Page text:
Do you enjoy riding your local mountain bike trails? Are you ready to take the next step? Many mountain bikers find themselves itching to build their very own trail, or contribute their services to existing singletrack that needs some work.
Move beyond simply riding your local mountain bike trails—learn to build them with these basic steps:
Ask for Permission
First off, find out who owns the land you want to build on if you are considering property other than your own. Seek permission from the land owner and check with local authorities to ensure you are allowed to build there. Illegally-built trails damage the reputation of mountain bikers, and will likely be destroyed.
Location, Location, Location!
Once you get permission to build, scout out an appropriate location. Take into consideration natural features, such as rocks, streams and the grade of the land. Will these features add a bit of challenge to your ride, or hinder your efforts to build there?
As you start to build your trail, you’ll want to avoid fall lines (the shortest route down a hill) and flat areas. Fall-line trails cause erosion while flat terrain will lead to poor drainage. To keep your trail interesting and challenging, consider building in grade reversals, grade breaks, constant up and downs, and gravity drops. Test your trail’s rhythm and flow by running the flagged route in both directions. Adjust accordingly.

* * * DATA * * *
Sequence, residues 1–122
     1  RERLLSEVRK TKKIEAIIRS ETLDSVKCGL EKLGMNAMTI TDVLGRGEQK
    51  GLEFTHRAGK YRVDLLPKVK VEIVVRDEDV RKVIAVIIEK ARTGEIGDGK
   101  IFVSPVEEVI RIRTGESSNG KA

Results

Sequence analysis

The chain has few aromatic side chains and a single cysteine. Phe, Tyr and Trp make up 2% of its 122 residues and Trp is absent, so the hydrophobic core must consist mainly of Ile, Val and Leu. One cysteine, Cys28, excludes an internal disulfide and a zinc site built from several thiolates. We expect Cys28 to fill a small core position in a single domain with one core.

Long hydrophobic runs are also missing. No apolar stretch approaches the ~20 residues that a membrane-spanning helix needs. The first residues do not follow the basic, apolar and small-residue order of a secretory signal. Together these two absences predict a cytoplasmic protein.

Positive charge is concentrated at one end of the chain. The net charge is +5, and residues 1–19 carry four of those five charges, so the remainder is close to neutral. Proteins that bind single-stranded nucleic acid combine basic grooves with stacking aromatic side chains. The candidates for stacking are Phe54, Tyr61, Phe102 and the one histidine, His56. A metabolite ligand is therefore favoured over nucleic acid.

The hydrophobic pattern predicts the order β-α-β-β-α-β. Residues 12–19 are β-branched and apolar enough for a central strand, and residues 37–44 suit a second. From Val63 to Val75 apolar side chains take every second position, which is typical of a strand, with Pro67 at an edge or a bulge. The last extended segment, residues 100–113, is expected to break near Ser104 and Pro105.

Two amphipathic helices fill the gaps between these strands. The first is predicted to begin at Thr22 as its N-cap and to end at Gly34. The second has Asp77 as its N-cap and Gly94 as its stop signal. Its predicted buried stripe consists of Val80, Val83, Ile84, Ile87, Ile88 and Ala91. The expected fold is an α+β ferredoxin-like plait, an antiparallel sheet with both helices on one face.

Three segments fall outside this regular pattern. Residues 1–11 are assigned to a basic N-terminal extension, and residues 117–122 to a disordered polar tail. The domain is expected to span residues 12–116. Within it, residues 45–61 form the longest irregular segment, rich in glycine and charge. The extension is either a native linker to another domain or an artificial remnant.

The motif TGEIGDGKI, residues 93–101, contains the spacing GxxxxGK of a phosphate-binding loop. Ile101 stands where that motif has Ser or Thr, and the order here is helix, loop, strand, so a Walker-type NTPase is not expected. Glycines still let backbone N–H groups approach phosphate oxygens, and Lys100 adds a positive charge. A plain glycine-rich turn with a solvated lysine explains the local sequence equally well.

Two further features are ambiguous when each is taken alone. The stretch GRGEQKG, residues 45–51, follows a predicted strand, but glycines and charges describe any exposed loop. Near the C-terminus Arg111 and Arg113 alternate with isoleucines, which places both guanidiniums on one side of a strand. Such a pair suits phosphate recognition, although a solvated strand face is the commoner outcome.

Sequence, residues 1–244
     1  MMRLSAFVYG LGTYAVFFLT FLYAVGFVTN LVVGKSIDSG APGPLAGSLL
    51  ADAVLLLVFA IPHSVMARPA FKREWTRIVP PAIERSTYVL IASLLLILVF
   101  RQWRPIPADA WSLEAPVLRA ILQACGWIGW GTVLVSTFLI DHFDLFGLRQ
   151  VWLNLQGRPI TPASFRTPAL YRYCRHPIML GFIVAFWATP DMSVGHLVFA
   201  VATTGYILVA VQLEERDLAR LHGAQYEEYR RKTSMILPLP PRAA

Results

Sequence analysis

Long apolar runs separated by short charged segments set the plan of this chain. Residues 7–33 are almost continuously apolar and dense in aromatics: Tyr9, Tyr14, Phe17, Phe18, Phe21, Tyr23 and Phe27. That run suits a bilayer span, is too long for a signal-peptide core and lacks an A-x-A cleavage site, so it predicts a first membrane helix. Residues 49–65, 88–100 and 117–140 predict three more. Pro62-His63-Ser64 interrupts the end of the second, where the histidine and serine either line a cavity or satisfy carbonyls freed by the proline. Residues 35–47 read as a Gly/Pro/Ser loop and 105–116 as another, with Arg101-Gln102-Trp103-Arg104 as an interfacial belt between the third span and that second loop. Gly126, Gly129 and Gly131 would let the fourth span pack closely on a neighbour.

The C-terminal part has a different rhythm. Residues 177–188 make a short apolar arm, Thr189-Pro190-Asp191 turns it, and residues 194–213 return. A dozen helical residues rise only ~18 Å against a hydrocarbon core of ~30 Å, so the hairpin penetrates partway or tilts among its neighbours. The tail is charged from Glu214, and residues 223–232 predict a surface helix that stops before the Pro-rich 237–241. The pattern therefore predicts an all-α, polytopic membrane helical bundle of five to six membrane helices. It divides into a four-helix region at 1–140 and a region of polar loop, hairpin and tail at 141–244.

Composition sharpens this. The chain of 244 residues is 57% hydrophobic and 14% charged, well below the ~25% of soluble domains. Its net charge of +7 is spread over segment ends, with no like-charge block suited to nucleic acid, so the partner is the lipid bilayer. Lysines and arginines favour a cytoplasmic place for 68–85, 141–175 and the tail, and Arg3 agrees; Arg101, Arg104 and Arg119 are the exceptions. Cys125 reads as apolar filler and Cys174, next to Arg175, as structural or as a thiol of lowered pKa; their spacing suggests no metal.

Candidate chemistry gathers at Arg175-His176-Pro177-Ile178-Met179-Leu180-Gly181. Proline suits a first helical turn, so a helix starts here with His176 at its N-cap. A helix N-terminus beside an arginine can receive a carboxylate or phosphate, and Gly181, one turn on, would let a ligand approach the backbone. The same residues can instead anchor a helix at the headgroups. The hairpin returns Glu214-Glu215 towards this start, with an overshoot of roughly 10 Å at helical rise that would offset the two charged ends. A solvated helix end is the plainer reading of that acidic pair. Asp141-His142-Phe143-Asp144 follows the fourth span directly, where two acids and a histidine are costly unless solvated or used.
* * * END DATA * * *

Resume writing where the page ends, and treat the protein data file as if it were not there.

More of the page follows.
Avoid Common Mistakes
Don’t line your trail with logs. It’s hard for water to escape and can escalate trail erosion. According to the International Mountain Bicycling Association (IMBA), a trail that is constructed properly shouldn't need logs. Avoid IMBA's top ten most common trailbuilding mistakes.
Maintain Your Trail
After you’ve built your trail, don’t ignore it. Maintenance is key to keeping your trail in tip-top shape. Remove debris with common trail building tools to reduce rider injuries. Check on a regular basis for unsafe conditions that may have been caused by inclement weather or trail use.